Materials

233 staff made redundant at Aylesford

The majority of the 300-strong workforce at newsprint manufacturer Aylesford Newsprint Limited has been made redundant, following news that the company has entered administration.

It was revealed yesterday (23 February) that the Kent-based company, which produces around 400,000 tonnes of recycled newsprint every year, was applying to go into administration.

233 people made redundant

Accountancy firm KPMG confirmed this afternoon (24 February) that two of its employees, Allan Graham and Rob Croxen, have been appointed as administrators to Aylesford Newsprint Limited.

Upon appointment of the administrators, the production facility was closed and 233 employees made redundant. The remaining 65 staff have been retained to assist the administrators in the sale of the assets and the decommissioning of the plant. 

Allan Graham at KPMG, said: “Significant overcapacity in the newsprint market, coupled with rise of digital media, has created challenging operating conditions for Aylesford Newsprint. The business has been loss-making for a number of years and was unable to be maintained as a going concern.

“We are on site and will be working closely with the Redundancy Payments Office to support the staff impacted by the administration.”

A commenter on the KentOnline website, writing under the alias ‘empoyee2015’ and purporting to be one of Aylesford's employees, also claimed that workers have been told they will not be paid for their last month’s work. However, Resource has received confirmation from the administrators that all salaries will be paid up to the end of February.

All machinery was also said to have been turned off this morning, and lorries delivering paper loads are reportedly being turned away.

Business Minister Matthew Hancock offered his sympathies to those at Aylesford, saying: “This is clearly a very distressing time for those involved. We have already made contact with the local council to offer our support and will work with them and other local partners, such as Jobcentre Plus, to help those facing redundancy find new jobs.”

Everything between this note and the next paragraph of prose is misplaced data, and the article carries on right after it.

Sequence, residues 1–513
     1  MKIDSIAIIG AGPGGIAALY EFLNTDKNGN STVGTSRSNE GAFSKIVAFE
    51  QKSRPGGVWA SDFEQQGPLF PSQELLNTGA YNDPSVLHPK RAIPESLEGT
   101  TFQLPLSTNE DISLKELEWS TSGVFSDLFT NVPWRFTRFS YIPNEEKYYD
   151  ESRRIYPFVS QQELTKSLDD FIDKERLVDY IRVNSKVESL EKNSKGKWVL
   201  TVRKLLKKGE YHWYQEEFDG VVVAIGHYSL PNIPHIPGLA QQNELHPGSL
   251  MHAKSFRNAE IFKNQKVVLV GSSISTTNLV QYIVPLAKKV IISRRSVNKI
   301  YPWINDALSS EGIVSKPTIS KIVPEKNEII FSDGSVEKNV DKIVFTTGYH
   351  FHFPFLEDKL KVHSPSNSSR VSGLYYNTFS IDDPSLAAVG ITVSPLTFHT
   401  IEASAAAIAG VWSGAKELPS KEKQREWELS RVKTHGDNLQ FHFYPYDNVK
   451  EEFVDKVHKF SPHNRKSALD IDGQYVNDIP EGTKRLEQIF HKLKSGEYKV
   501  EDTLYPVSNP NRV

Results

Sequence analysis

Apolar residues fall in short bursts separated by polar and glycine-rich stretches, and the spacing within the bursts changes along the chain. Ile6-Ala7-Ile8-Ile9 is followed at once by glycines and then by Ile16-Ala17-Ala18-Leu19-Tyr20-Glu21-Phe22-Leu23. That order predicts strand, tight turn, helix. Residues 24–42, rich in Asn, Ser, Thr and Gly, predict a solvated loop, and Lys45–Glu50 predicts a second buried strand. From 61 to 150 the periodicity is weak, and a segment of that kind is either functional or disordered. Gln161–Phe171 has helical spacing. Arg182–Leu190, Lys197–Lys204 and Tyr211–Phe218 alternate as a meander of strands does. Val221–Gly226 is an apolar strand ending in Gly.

Ray Georgeson, Chief Executive of the Resource Association - a trade association for the reprocessing and recycling industries and their supply chain, of which Aylesford Newsprint is a founding member - said: "We wish to express our sadness at the news of the closure of the Aylesford newsprint mill and we offer our thoughts to all our friends at Aylesford Newsprint who have lost their jobs, many of whom we have been proud to work with for many years.

"Self-evidently, the closure of the mill will have a significant impact on UK recycling in both the short and longer term. For now though, our attention is solely on our friends and colleagues that have lost their jobs.  The political and strategic consequences and the lessons that need to be learned by recycling policy-makers and politicians are an urgent priority as we reassess what is needed to nurture a sustainable recycling industry. We will play our role in this discussion, but that is for another day, not today.”

Georgeson also acknowledged and thanked Aylesford for 'their vision in supporting the launch of the association' in 2011 and their 'stalwart support' to date. He particularly thanked former Managing Director Ian Broxup (who was a founding Board member) and Head of Recycling Gemma Stapeley for their successive service to the RA Board. 

Reasons for administration move

Owners, market and government blamed for Aylesford administration
Defra minister Lord de Mauley (third from left) toured the Aylesford plant in 2012

As well as financial losses, there have been reports that a range of other factors have impacted the business, including:

  • a lack of investment at the facility by the owners The Martland Holdings LLC; a lack of government support;
  • the ongoing decline of newspaper sales (and thus reduced demand for newsprint);
  • oversupply of newsprint manufacturing;
  • difficulty in securing high-quality paper recyclate (in part due to co-mingled recycling collections);
  • low paper prices; and
  • competition from overseas markets.

However, questions are also being asked about the owners’ motives in buying the company several years ago, with rumours circulating that the acquisition could have been down to the value of the land on which the paper plant sits.

Co-mingling is part of the problem

Local politician Tracey Crouch, MP for Chatham and Aylesford, commented: “Sadly this news came out of the blue for many. While people understood and recognised that the company has been operating in a challenging and internationally competitive market, I don't think anyone quite knew the scale of the problem.

“The newspaper industry has declined meaning less need for newsprint. In addition the price of paper has fallen, the Russians are flooding the continent with cheap paper, it is a highly taxed industry because of its energy consumption, and with on-going fluctuations in the euro it is making it difficult for export/import market growth. In addition we, as resident recyclers (and I recognise I am about to make a sweeping statement) make recycling expensive but contaminating our waste.

"Co-mingling (the act of not separating your recycled products) unfortunately cross contaminates products and that makes it a more expensive process to wash and clean waste materials and turn into paper... I will continue to press the government on [the issue of co-mingling] in terms of its wider waste policy.”

Find out more about Aylesford Newsprint.